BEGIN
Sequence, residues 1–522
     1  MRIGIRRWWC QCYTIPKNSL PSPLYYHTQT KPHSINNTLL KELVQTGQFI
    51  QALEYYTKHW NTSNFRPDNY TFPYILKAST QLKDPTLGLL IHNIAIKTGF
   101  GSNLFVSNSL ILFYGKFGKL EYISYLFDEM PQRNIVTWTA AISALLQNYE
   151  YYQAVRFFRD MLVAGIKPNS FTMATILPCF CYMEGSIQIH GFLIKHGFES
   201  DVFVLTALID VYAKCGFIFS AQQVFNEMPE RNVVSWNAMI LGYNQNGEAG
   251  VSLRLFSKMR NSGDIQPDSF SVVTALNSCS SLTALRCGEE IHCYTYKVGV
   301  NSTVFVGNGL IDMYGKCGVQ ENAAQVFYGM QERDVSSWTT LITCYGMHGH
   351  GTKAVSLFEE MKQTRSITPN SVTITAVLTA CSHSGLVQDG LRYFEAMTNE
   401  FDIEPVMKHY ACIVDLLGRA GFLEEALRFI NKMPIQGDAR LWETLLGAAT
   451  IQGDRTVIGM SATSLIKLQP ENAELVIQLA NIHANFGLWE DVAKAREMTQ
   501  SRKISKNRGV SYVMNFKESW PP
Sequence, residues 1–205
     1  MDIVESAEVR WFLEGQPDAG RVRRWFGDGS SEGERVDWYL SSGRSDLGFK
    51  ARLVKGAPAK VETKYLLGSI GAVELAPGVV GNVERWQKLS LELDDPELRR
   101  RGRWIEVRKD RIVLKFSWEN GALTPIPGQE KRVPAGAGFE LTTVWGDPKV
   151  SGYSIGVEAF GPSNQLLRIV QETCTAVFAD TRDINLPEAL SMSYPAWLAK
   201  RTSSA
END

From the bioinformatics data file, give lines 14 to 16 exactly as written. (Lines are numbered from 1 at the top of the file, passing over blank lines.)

     1  MDIVESAEVR WFLEGQPDAG RVRRWFGDGS SEGERVDWYL SSGRSDLGFK
    51  ARLVKGAPAK VETKYLLGSI GAVELAPGVV GNVERWQKLS LELDDPELRR
   101  RGRWIEVRKD RIVLKFSWEN GALTPIPGQE KRVPAGAGFE LTTVWGDPKV